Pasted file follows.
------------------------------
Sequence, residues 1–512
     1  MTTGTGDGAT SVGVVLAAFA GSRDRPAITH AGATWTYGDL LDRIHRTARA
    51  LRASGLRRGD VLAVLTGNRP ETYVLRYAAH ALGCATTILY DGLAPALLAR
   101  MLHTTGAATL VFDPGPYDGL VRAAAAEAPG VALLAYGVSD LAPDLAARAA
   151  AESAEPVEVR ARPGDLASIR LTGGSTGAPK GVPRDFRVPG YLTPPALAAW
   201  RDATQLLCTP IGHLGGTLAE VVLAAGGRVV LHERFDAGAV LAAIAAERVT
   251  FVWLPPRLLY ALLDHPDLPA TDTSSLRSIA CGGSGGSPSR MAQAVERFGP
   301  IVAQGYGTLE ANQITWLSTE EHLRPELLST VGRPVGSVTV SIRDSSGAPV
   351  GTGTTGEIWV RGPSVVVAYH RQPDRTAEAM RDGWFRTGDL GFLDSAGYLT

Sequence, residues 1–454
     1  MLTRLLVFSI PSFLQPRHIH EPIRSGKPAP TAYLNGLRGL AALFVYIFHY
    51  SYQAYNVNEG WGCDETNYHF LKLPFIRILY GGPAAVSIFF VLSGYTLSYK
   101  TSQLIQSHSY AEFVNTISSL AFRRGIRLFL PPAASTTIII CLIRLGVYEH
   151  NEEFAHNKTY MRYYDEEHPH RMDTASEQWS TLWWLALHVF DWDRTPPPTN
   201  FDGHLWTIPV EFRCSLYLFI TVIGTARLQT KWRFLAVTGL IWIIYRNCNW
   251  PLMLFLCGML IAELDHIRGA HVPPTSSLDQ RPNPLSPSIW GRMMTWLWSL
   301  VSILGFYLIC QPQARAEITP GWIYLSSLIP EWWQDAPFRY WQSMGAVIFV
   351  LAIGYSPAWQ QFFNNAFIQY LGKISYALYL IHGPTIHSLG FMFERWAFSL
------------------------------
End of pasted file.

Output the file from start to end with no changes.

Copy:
Sequence, residues 1–512
     1  MTTGTGDGAT SVGVVLAAFA GSRDRPAITH AGATWTYGDL LDRIHRTARA
    51  LRASGLRRGD VLAVLTGNRP ETYVLRYAAH ALGCATTILY DGLAPALLAR
   101  MLHTTGAATL VFDPGPYDGL VRAAAAEAPG VALLAYGVSD LAPDLAARAA
   151  AESAEPVEVR ARPGDLASIR LTGGSTGAPK GVPRDFRVPG YLTPPALAAW
   201  RDATQLLCTP IGHLGGTLAE VVLAAGGRVV LHERFDAGAV LAAIAAERVT
   251  FVWLPPRLLY ALLDHPDLPA TDTSSLRSIA CGGSGGSPSR MAQAVERFGP
   301  IVAQGYGTLE ANQITWLSTE EHLRPELLST VGRPVGSVTV SIRDSSGAPV
   351  GTGTTGEIWV RGPSVVVAYH RQPDRTAEAM RDGWFRTGDL GFLDSAGYLT

Sequence, residues 1–454
     1  MLTRLLVFSI PSFLQPRHIH EPIRSGKPAP TAYLNGLRGL AALFVYIFHY
    51  SYQAYNVNEG WGCDETNYHF LKLPFIRILY GGPAAVSIFF VLSGYTLSYK
   101  TSQLIQSHSY AEFVNTISSL AFRRGIRLFL PPAASTTIII CLIRLGVYEH
   151  NEEFAHNKTY MRYYDEEHPH RMDTASEQWS TLWWLALHVF DWDRTPPPTN
   201  FDGHLWTIPV EFRCSLYLFI TVIGTARLQT KWRFLAVTGL IWIIYRNCNW
   251  PLMLFLCGML IAELDHIRGA HVPPTSSLDQ RPNPLSPSIW GRMMTWLWSL
   301  VSILGFYLIC QPQARAEITP GWIYLSSLIP EWWQDAPFRY WQSMGAVIFV
   351  LAIGYSPAWQ QFFNNAFIQY LGKISYALYL IHGPTIHSLG FMFERWAFSL